Tuesday, August 31, 2010

Beware of (Chinese) pine nuts

Fresh basil from the garden, local garlic, some genuine parmesan cheese — and some awful pine nuts from China.

This is close to the recipe for pesto, but that last ingredient renders it a recipe for "pine mouth" — a hideously bitter taste that kicks in about 24 hours after you eat the pine nuts and then recurs every time you eat anything for up to a week or two.


No one knows why this problem — which doesn't affect everyone who eats the pine nuts — is associated with Chinese pine nuts, not European or American ones. But it is.

Unhappy anecdotal accounts abound; check out this one from the Cincinnati Enquirer's food writer, who was felled by a homemade salad with pine nuts. She'd gotten them at Trader Joe's, which said the nuts were from Korea, Russian, or Vietnam. She was so traumatized by two weeks of having everything turn to bitter ashes in her mouth that she vowed never to eat another pine nut, no matter where it comes from.

Not me.

I'm now shopping for safe pine nuts for my next batch of pesto. It seems that the American pine nut industry has been pretty much driven out of business (it's too labor-intensive to compete with cheap imports). However, I bought some lovely pine nuts in Arizona last year from a road-side truck in Flagstaff and have come across a homey online purveyor from the Southwest:

• Goods from the Woods — their fresh raw shelled American pine nuts are currently being harvested and will be available soon. $38 a pound.

For the traditional European pine nut:

• Nuts Online — Mediterranean pine nuts at $34 a pound.

Nuts Online ordering system gives the option of sending a message with the gift. It was tempting to check "Get Well Soon" for my pine nut order!

Monday, August 30, 2010

A short history of sugar on our shores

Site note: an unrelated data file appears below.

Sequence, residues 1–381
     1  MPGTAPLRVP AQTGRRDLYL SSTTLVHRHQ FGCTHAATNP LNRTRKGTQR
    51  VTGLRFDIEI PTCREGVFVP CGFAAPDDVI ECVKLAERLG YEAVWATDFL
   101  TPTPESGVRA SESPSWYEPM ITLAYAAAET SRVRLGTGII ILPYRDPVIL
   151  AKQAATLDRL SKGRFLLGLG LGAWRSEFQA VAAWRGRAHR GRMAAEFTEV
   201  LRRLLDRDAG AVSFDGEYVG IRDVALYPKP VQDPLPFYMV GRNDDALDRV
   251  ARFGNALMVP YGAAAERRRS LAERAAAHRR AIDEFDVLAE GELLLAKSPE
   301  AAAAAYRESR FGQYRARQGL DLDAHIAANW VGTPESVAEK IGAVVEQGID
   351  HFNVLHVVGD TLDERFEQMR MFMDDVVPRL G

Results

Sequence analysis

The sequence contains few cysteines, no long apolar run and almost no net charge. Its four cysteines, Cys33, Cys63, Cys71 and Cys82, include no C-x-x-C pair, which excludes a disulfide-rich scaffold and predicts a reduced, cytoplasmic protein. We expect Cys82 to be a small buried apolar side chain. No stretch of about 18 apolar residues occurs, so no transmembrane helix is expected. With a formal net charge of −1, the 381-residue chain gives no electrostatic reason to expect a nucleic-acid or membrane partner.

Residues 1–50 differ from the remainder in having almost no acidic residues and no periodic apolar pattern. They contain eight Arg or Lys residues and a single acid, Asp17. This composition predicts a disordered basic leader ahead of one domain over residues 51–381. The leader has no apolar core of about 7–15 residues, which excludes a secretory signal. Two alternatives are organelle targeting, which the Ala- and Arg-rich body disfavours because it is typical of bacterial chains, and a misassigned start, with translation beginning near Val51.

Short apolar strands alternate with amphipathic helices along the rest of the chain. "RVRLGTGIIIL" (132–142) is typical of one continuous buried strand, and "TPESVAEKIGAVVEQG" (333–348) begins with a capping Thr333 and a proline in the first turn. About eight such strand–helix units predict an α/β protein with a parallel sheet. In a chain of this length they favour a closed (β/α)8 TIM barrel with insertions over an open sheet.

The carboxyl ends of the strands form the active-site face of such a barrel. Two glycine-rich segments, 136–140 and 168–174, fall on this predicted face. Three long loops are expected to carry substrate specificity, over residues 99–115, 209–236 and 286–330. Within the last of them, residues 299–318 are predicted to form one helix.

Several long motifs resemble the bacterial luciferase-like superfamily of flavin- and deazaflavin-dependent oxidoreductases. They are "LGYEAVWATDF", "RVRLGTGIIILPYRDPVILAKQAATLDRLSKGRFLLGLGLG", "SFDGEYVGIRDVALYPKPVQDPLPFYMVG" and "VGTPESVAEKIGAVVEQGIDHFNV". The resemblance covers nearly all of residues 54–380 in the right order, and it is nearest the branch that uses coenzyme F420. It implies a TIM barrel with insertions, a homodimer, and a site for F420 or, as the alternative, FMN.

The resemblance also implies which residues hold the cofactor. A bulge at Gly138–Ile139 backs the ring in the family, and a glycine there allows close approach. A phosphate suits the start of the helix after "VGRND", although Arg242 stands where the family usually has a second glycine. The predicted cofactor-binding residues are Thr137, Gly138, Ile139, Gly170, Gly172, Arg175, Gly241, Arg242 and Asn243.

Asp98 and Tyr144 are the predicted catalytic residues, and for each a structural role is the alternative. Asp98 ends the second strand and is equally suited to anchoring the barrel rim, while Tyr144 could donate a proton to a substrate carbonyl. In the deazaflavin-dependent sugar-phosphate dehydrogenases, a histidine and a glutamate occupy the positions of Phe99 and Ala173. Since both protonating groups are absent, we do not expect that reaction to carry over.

The Culinary Curator offers a primer on sugar in the American kitchen.

Sunday, August 22, 2010

Good news for cooks in Ballard

I confess: I'm one of those supposedly gourmet cooks who doesn't sharpen her knives often enough.

My excuse: I used to subscribe to a mobile knife-sharpening service that came every six months and did my knives, scissors, and garden tools. When that guy retired, I was at a loss. Those grocery store programs where, one day a month you can bring in three knives, just didn't, well cut it for me. Boxing up my knives and sending them through the mail to a sharpening service made me feel like a serial killer.

So today, as we were walking back from a quick shopping trip in downtown Ballard, I was delighted to see a leather-clad character standing in the door of a small shop at 2419 NW Market St. The new store is called Vulcan Knife, and it's open weekdays 10-6. I predict the place will be crazy busy even if all they do is service the proliferation of new restaurants within a 10-block radius. But they also do garden tools, axes, hatchets, and swords — many of which were on intimidating display on the premises.

Anyway, there's no more excuse for hacking or sawing away at the cutting board. Take the knives over to Vulcan.

Tuesday, August 17, 2010

This isn't gelato

Suddenly Seattle is overrun with cloying, semi-frozen butterfat that calls itself "gelato." Folks, this is high-fat premium ice cream stored at slightly warmer temperatures.

I was starting to wonder if my memories of gelato from Italy — delicious frozen fresh milk — were flawed. Fortunately, there are at least two places in Seattle making authentic gelato (Royal Grinders in Fremont, next to the statue of Lenin and D'Ambrosio Gelateria Artigianale in Ballard). While D'Ambrosio provides an authentic Italian gelateria experience (you can have multiple flavors in one scoop) I prefer Royal Grinder's stracciatella (chocolate chip) by a wide margin. (Stracciatella is the benchmark I use for evaluating gelato; another good one to use is pistacchio.)

There are some folks in California who share my concern about preserving the identity and reputation of real, delicious, low-fat gelato. They're petitioning the state food authorities to set standards for products calling themselves "gelato."

Meanwhile, I'm going to have to avoid reading Yelp, where people are trashing the authentic gelaterias for selling gelato that isn't rich and creamy enough. Folks, if you want ice cream, go to Molly Moon's.